Rummaging around for information regarding the average lead time for "leading economic indicators", I came across this 2005 article at Economist's View written by Catherine Baum who accurately called the banking crisis last year, explaining why economic forecasters are so often wrong:
The Index of Leading Economic Indicators [ ] isn't a bunch of randomly selected components .... The 10 components of the LEI were all chosen because of a demonstrated ability to predict future economic activity.
The index includes both financial (stock prices, the money supply and the spread between the funds rate and 10-year Treasury note yield) and real-side variables (building permits, capital goods orders and vendor deliveries).
The level of the LEI [ ] has an average eight to nine months lead time at peaks and troughs -- shorter at troughs ....
As long as the weekly and monthly numbers come in strong, economists will be guided by mostly contemporaneous indicators released with a lag.
How come no one follows the leaders?
[Because generally for forecasters] Weak [coincident] numbers yield a weak outlook. Strong numbers mean good times ahead. Where's the forecasting?
In other words, we are bombarded by data telling us how the economy is right now or, more accurately, last month. Most economic forecasters, including most economic bloggers, by and large regurgitate this coincident data, and project the trend into the future. Thus strong coincident data is read to mean that the economy will continue to prosper. Weak coincident data is read to mean that the economy will continue to contract.
Trends do continue, but as a result most forecasters miss turning points.
For example, if you read economic blogs, in the last week or so you've probably seen a graph of the "Baltic Dry Shipping Index" like the one below demonstrating a collapse in shipping rates:
Most bloggers have cited it as proof that the economy will continue to tumble.
Similar collapses can be found in graphs of "Builders Confidence":
and housing starts:
(h/t Calculated Risk)
and consumer confidence:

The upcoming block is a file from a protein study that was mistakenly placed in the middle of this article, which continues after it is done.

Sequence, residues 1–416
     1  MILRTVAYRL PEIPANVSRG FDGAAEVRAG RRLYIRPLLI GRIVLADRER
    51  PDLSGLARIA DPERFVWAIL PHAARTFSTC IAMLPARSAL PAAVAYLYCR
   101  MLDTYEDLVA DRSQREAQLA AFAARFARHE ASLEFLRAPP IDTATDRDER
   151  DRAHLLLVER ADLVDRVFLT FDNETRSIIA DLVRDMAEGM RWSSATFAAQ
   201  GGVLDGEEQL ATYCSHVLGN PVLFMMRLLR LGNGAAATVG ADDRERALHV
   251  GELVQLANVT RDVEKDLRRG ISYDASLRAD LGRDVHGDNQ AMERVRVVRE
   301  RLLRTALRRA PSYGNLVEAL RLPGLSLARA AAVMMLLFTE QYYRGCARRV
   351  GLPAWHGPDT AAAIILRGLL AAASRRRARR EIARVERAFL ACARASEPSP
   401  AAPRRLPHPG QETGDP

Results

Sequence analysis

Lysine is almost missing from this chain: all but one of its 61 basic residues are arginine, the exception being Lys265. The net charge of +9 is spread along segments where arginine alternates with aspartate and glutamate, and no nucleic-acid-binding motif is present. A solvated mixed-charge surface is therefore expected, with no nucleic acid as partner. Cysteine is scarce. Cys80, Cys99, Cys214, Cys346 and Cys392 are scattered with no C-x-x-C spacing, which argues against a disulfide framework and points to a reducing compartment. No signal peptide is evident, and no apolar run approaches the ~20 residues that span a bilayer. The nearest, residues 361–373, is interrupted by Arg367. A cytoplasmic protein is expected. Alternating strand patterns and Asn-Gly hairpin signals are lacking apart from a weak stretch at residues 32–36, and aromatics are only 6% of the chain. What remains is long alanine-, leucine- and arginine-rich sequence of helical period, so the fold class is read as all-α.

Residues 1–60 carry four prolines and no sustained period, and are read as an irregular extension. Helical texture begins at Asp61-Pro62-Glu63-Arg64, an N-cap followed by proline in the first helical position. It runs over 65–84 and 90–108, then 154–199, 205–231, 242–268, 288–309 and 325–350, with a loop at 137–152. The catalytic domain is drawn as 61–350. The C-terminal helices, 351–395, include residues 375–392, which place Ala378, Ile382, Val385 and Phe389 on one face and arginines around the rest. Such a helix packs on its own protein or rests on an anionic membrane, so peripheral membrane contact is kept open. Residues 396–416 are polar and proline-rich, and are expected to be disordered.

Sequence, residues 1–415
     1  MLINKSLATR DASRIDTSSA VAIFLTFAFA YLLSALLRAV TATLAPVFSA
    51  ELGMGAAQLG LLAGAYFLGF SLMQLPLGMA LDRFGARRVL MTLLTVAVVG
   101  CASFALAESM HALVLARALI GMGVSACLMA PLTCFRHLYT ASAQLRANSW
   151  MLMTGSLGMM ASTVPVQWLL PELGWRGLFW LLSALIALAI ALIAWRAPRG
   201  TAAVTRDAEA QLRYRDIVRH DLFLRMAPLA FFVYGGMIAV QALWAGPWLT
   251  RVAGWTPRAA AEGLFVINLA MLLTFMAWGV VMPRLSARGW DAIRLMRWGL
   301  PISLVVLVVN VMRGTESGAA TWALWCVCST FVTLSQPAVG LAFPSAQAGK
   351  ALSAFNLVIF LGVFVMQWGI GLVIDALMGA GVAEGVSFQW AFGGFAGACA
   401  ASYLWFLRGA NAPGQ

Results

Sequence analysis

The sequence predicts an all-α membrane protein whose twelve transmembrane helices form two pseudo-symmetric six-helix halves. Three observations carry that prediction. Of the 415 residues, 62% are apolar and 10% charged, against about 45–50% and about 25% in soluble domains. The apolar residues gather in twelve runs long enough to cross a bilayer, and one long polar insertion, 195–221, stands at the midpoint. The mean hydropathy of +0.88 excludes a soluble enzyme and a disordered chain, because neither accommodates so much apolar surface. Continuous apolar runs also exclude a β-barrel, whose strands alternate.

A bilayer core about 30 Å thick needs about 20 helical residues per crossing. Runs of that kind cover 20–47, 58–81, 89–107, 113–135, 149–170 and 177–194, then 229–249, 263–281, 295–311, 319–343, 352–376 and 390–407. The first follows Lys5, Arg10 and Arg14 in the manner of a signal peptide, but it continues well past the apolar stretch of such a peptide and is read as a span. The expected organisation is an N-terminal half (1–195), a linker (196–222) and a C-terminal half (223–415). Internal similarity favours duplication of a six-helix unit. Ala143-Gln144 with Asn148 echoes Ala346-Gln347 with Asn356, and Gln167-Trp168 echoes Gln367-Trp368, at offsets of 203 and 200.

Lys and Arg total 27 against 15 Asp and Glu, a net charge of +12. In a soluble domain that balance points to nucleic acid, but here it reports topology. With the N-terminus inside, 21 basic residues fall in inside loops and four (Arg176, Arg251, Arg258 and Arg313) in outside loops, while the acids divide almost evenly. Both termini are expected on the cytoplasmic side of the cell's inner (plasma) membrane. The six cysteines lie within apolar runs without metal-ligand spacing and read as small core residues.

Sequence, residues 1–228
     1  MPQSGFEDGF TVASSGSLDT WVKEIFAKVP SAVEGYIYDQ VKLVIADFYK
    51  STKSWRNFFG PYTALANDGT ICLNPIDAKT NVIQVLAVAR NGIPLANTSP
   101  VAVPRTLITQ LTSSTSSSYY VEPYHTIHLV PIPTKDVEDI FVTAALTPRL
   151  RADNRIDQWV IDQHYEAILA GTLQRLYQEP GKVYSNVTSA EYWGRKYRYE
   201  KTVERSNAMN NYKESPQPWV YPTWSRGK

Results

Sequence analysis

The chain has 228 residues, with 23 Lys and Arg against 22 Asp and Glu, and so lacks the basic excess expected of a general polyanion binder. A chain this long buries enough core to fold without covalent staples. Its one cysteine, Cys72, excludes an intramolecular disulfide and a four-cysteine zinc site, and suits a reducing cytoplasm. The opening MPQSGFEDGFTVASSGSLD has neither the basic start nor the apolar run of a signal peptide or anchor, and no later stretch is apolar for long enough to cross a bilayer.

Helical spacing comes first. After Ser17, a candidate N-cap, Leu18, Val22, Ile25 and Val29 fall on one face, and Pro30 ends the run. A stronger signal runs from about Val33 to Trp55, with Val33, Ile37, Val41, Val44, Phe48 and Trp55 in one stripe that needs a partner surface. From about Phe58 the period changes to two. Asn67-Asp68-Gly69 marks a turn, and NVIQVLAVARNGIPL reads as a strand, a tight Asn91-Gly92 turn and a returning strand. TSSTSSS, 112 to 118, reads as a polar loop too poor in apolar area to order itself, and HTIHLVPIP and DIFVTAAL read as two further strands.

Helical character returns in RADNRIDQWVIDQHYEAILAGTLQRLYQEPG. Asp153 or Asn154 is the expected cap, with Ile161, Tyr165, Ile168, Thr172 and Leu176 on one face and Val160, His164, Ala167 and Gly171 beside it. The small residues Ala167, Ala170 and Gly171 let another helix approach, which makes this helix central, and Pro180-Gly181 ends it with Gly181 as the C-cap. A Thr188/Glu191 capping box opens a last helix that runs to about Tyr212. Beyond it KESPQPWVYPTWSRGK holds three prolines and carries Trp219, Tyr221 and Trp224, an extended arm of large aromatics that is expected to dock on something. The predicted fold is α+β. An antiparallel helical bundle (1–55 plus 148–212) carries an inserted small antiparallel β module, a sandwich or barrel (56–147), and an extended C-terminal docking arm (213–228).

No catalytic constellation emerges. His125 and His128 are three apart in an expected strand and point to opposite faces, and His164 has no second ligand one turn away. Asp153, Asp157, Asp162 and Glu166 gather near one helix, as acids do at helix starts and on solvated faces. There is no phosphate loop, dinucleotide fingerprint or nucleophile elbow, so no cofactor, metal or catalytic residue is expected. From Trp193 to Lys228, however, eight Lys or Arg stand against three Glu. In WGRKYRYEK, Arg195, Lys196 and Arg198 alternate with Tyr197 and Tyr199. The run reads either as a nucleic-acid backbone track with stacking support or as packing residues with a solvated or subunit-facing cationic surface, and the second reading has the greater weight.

Typically these are all offered as support for the writer's thesis that the economy, going forward, is going to worsen.
But that's not what they say at all. What they really say is that the economy is very bad NOW as in September and October 2008. With the exception of housing starts, which is a valid leading indicator, they tell us nothing about 2009.
In fact, all of the above graphs show readings that in the past have coincided with the bottom of recessions! (Go back and take a look. I'll wait ....) So if anything they tell us that, more likely we are close to a bottom now than a top.
Even observers who are properly bullish or bearish let their natural dispositions and biases get in the way, and fail to account for contrary evidence.
For example, a couple of diaries ago I discussed the "Kasriel recession warning indicator" which accurately forecast in mid 2007 the recession this year. The simple fact is, not only does Kasriel's indicator accurately forecast recessions, but the data also gives excellent notice of recoveries as well. Bloggers who trumpeted Kasriel's indicator as proof of their proper bearishness last year, aren't interested in whether it might now signal strength in the future.
Returning to the Baltic Dry Index which has so abruptly collapsed, does this longer 15 year chart tell us that conditions will worsen, or that conditions have returned to normal?
That's why, so often, you will read me going against the conventional wisdom of economic bloggers and pundits. I try to put my biases aside, look at countervailing data, and let the data itself speak, based on leading indicators, and the patterns of past recessions and recoveries.
So, what do the Leading Economic Indicators themselves say now?
The LEI turned negative in summer of 2007. This recession probably began in about December. The indicators turned flat in spring (forecasting a respite?) then turned seriously negative in July and August, before a sharp rebound in September, due to the Fed's and Treasury's firehose of liquidity. If the liquidity firehose continues and the October and November LEI are also positive, that will indicate the Fed has succeeded and the recession may end by next spring. If the liquidity is not enough to overcome a deflationary asset and commodity spiral, then the recession will likely persist at least until next summer.